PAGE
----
This is just one example of how they are already delivering more streamlined and efficient processes thanks to data sharing.
England Illegal Money Lending Team – presented by Cath Wohlers, LIAISE Manager
The England Illegal Money Lending Team is a criminal enforcement team dedicated to prosecuting loan sharks and ultimately removing them from communities. Their victim support team work tirelessly to find new ways to prevent victim targeting, as well as providing post-victimisation care. While their enforcement teams are effective in removing the threats, Cath Wohlers, Liaise Manager, spoke to us about how they’re hoping to enhance their victim support approach. By looking into better education for communities and asking how credit unions can prevent individuals from seeking out loan sharks in the first place, they hope to enact more preventative measures in the near future.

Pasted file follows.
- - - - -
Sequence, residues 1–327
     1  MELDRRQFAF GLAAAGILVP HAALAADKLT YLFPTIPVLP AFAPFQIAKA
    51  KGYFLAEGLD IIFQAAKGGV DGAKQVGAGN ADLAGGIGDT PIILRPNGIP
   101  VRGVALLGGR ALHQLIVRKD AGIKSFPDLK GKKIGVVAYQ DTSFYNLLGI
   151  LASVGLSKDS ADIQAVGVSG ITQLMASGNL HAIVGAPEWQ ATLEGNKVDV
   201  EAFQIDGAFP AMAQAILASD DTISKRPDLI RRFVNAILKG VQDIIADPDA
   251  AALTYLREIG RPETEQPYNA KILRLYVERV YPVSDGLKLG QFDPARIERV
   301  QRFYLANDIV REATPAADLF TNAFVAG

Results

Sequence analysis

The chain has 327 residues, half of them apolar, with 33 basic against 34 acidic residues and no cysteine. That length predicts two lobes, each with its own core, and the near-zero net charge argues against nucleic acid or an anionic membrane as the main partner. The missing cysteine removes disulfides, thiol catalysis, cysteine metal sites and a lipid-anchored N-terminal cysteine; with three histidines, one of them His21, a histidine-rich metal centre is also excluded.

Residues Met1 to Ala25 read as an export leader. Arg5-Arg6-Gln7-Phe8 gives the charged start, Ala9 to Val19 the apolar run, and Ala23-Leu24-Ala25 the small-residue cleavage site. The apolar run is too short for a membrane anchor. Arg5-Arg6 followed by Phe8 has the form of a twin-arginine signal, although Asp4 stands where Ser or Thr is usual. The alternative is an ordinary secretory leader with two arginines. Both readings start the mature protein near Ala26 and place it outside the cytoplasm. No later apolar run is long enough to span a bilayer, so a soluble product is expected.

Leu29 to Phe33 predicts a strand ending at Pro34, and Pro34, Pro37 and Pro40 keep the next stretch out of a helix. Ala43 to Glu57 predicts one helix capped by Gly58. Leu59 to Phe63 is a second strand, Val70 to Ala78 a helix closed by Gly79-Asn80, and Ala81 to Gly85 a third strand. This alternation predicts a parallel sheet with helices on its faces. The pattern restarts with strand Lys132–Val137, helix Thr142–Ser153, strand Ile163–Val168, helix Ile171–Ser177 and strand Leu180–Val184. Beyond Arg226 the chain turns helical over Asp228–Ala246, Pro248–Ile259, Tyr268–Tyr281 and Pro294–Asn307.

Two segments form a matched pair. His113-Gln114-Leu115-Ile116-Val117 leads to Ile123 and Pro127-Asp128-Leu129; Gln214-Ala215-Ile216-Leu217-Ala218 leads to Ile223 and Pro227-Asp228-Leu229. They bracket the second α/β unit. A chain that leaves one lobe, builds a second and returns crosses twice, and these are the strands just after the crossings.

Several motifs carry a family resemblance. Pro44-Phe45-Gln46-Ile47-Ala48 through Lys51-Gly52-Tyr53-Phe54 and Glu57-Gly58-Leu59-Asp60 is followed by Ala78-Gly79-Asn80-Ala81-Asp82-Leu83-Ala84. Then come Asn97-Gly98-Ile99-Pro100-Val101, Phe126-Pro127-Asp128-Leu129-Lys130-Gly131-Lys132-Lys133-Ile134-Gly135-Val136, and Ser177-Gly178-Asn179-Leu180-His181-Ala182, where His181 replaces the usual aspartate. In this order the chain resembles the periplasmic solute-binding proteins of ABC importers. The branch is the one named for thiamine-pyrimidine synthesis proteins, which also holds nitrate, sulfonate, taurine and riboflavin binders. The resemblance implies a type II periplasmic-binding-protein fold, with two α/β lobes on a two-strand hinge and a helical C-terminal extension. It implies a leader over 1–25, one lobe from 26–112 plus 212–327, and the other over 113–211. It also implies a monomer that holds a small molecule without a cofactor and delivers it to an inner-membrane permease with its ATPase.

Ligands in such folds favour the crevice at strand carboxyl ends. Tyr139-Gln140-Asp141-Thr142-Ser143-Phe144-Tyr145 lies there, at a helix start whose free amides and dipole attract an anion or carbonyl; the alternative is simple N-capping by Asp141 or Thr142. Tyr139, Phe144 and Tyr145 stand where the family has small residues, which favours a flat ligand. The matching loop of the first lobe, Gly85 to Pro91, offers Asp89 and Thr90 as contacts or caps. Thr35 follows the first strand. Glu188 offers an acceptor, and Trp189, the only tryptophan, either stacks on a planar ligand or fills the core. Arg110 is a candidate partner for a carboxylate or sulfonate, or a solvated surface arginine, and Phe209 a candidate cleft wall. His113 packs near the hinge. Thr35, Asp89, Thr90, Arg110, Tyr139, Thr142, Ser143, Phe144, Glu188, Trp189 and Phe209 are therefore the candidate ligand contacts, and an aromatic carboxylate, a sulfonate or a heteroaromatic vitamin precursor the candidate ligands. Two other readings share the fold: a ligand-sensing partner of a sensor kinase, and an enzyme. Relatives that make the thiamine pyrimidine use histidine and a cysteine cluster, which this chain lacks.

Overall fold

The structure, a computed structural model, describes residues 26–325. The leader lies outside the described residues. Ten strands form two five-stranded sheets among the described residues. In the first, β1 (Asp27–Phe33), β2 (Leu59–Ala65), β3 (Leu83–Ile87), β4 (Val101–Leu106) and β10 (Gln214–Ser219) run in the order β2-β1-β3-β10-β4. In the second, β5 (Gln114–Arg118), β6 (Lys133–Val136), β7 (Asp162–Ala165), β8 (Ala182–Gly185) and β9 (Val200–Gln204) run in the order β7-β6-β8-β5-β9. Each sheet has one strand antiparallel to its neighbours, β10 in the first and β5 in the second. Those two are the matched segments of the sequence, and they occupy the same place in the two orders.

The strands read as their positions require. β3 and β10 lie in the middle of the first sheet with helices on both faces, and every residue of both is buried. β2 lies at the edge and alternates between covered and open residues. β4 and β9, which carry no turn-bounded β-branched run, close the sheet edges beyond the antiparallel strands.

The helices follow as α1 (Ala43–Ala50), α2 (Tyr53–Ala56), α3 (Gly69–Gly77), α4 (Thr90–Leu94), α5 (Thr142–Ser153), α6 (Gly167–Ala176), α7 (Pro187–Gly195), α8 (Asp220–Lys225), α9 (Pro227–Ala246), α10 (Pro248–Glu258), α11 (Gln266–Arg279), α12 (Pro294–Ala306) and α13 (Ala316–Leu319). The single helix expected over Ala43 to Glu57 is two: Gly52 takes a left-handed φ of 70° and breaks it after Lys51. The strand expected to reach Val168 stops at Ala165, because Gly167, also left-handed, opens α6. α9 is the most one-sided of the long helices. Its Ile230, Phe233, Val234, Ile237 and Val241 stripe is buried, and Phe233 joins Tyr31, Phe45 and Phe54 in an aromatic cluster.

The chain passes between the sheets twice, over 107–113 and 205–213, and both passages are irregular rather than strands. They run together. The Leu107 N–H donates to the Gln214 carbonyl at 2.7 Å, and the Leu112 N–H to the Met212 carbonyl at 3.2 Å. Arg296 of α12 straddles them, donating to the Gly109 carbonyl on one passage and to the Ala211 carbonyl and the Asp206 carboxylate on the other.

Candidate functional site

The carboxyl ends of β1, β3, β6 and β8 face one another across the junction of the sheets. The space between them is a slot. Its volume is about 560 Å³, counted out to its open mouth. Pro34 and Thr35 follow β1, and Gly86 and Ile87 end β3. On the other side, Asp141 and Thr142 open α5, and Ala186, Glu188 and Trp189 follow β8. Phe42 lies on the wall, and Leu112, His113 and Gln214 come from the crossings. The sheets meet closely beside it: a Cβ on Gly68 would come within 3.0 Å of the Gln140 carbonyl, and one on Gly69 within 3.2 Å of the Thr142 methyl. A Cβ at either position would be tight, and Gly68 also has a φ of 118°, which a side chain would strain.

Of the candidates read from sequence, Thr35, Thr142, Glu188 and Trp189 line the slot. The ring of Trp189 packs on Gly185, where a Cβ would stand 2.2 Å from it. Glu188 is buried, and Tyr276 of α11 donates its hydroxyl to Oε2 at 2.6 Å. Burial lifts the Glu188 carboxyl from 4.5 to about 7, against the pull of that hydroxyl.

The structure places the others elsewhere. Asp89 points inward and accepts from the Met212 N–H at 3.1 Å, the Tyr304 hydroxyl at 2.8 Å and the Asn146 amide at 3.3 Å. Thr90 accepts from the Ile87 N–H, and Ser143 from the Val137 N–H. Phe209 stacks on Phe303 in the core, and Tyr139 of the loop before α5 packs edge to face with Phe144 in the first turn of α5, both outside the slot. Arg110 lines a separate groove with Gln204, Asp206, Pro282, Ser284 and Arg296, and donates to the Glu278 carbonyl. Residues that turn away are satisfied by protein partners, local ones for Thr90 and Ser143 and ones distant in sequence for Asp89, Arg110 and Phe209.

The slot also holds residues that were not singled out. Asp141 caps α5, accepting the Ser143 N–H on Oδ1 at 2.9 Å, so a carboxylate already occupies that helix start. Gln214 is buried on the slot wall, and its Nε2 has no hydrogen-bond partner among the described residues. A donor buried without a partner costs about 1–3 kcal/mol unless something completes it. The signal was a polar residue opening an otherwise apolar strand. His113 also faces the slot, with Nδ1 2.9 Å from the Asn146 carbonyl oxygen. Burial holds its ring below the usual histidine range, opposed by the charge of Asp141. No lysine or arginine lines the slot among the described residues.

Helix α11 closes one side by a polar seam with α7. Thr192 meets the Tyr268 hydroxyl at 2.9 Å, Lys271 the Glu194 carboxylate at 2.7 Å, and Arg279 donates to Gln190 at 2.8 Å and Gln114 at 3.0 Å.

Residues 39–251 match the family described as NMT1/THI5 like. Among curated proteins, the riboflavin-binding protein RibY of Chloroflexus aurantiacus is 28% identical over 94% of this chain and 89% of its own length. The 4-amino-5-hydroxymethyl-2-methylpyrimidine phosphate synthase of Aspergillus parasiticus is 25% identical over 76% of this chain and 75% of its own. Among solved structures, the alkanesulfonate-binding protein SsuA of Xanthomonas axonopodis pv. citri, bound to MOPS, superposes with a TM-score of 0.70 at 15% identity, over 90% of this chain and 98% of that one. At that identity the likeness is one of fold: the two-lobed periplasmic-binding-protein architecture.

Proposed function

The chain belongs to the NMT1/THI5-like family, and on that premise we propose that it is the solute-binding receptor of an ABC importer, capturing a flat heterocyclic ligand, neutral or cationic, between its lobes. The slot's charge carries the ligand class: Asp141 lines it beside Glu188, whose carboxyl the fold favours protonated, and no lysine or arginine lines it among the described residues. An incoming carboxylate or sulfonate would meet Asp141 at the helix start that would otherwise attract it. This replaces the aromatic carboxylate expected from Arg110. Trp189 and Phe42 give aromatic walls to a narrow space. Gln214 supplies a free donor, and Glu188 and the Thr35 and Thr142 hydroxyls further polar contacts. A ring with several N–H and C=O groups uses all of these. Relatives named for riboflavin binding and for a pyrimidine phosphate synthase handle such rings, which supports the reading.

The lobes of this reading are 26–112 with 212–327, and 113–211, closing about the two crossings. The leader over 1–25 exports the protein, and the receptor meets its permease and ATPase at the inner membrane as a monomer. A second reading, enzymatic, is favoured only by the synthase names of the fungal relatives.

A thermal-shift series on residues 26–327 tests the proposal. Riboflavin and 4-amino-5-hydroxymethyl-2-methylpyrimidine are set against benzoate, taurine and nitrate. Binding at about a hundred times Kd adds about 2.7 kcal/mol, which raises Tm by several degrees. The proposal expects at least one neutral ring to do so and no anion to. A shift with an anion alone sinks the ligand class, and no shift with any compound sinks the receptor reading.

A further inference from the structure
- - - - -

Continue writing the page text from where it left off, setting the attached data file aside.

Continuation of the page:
“We believe in safety first, removal of the illegal lender (not the victim), no repercussions, and no requirements of the victim to report the crime,” said Cath Wohlers.
There are lots of variants in vulnerability, which is why the Illegal Money Lending Team is focused on a holistic approach to victim support. In terms of new approaches, training is now available online or face-to-face; they’re offering free access to specialist support around illegal lending, as well as online banking and how it’s used in illegal lending; their LiveChat is available as well as their existing hotline (which is evidenced to give people the comfort of anonymity); and they are also working alongside credit unions to find better support systems for vulnerable people.